When we do labs, there’s so much room for error with collecting data, which leads to difficulties in helping students reach conclusions or observe the phenomena I want them to. This summer, I got to spend a lot of time reflecting on what it is about the lab experience that really matters, and what the things are that I really want the kids to walk away from the labs knowing how to do or how to think. The AP Biology curriculum is a helpful framework in this context to see where we need to end up.
We have been doing lots of work with some online simulators and really targeting some of those skills I identified over the summer as the things I want the kids to pull out of a year of lab experience. We still spend a lot of time discussing experimental design and variables, control treatment, how to keep experiments simple to identify the variables of interest. We spend time collecting data but also putting it into a format that is helpful, visually representing data, and then also drawing conclusions from the data and applying what they know about biology to make sense of what they’re seeing.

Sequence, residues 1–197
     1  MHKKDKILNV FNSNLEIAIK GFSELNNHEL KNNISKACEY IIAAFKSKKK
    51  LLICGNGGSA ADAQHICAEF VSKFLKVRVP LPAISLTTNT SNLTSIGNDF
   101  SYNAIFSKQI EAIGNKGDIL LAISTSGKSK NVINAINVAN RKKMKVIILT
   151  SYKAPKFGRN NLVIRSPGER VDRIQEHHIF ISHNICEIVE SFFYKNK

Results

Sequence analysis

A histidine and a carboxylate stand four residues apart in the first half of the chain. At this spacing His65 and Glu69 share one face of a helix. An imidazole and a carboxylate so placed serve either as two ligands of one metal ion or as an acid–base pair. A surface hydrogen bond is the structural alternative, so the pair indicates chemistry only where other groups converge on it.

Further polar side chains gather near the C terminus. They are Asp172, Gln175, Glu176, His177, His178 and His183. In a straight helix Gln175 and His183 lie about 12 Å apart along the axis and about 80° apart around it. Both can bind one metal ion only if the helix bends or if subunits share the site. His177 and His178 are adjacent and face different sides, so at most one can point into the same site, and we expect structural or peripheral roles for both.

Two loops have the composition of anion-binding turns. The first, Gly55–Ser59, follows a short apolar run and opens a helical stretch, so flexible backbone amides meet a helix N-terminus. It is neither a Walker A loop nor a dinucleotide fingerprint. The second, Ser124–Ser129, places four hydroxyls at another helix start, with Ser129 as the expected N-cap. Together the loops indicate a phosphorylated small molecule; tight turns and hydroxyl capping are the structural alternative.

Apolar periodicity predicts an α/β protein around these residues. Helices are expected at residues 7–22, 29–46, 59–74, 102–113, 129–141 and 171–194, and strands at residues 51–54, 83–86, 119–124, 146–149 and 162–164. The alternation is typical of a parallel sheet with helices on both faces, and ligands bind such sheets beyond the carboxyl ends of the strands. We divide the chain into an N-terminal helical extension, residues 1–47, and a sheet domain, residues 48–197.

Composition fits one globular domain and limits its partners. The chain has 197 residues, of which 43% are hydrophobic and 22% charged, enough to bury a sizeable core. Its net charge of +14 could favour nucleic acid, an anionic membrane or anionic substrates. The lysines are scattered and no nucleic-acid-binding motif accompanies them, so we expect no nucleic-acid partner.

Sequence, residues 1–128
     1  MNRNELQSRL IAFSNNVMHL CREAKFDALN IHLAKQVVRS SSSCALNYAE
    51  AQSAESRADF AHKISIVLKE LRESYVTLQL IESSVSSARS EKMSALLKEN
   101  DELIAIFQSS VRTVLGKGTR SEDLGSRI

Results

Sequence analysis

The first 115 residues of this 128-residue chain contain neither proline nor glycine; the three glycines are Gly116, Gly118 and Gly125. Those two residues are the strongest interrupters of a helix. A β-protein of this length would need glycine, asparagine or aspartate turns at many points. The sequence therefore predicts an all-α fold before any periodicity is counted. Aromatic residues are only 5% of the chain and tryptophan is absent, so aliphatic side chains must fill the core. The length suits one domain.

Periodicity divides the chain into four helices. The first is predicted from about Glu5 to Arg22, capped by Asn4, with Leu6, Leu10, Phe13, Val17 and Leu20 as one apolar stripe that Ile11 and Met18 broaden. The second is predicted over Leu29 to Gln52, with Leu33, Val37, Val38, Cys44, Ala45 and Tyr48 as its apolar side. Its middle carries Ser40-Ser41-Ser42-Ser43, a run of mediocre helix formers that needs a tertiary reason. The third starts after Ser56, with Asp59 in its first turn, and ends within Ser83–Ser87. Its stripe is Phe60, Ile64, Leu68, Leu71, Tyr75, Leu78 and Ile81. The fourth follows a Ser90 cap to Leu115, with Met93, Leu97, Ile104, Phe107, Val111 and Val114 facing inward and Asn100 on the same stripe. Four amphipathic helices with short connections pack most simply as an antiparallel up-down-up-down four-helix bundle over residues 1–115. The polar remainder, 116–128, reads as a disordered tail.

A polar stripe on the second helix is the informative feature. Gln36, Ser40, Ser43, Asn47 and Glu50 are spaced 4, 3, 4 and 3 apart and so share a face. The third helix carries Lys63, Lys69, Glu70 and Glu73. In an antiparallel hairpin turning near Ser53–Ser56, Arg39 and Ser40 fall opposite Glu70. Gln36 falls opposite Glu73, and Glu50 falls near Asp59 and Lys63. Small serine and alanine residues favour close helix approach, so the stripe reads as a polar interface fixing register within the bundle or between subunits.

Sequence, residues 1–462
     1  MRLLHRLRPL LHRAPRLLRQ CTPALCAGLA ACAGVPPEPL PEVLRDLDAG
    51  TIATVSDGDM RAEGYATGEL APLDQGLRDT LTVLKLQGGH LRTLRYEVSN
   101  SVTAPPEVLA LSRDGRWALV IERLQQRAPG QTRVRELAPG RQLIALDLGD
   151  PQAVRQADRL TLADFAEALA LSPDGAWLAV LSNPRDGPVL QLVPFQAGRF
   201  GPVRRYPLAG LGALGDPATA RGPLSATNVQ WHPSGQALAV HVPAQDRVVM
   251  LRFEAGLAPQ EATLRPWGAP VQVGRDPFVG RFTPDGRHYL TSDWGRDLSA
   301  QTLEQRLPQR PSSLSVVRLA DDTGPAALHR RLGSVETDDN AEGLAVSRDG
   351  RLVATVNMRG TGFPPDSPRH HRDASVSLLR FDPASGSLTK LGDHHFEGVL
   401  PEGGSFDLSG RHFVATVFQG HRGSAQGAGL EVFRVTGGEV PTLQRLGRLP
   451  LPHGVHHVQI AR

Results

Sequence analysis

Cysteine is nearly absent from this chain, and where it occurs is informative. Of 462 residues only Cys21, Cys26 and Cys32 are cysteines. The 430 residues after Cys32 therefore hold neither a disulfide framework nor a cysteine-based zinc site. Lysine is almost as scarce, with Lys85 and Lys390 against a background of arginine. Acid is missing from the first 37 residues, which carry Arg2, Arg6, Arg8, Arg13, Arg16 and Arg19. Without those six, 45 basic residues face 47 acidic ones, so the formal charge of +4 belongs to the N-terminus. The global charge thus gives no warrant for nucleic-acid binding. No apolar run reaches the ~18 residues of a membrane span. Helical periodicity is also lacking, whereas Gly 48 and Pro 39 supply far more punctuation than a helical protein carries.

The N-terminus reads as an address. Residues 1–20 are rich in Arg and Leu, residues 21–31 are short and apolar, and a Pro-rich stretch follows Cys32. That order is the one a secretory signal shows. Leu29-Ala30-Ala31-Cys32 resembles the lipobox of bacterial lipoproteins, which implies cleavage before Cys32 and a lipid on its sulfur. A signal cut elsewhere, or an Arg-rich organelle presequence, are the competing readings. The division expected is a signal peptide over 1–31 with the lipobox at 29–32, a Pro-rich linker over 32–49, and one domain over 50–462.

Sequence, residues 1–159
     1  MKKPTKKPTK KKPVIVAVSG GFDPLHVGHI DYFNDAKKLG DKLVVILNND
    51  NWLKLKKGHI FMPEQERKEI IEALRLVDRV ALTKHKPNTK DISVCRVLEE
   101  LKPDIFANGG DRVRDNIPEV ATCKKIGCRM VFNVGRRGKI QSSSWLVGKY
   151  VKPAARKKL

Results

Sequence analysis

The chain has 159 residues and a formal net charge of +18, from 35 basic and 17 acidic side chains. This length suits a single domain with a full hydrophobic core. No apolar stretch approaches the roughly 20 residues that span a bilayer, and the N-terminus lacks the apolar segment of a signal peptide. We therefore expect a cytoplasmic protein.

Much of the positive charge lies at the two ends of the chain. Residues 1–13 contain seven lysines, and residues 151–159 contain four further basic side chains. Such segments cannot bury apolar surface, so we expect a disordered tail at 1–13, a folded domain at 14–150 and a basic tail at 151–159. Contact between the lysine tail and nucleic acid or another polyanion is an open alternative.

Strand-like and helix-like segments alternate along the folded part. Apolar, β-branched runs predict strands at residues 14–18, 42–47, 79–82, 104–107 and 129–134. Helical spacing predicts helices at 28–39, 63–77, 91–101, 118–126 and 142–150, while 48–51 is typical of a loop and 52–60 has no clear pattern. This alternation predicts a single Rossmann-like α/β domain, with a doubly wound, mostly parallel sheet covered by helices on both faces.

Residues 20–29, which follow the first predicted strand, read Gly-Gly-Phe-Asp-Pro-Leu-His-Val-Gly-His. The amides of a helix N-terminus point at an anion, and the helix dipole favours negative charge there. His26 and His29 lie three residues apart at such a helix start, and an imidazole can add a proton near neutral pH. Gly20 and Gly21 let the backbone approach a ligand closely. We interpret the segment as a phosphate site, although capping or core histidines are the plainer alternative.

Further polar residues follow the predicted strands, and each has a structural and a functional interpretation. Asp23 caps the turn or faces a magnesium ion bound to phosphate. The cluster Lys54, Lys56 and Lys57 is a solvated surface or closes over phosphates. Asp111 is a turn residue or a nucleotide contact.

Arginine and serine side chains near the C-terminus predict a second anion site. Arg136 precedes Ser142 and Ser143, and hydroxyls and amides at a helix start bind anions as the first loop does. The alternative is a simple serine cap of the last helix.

Those are the core components that matter, and we can do that with data we generate online just as easily as we can with data from the classroom, and often it’s a much quicker process online.
What is the Research Scholars elective?
Research Scholars is an elective for seniors that we started in 2018. A small group of students prepare scholarly research alongside physicians from Roswell Park Comprehensive Cancer Center. Dr. Sai Yendamuri and Dr. Mark Hennon assist our students in preparing a research paper in their area of practice, which is thoracic surgery. The process for students includes crafting a research question, conducting background research, outlining a proposal for statistical research which was conducted by a team from Roswell Park Cancer Institute, reviewing the results of the study and assembling a draft of a final manuscript.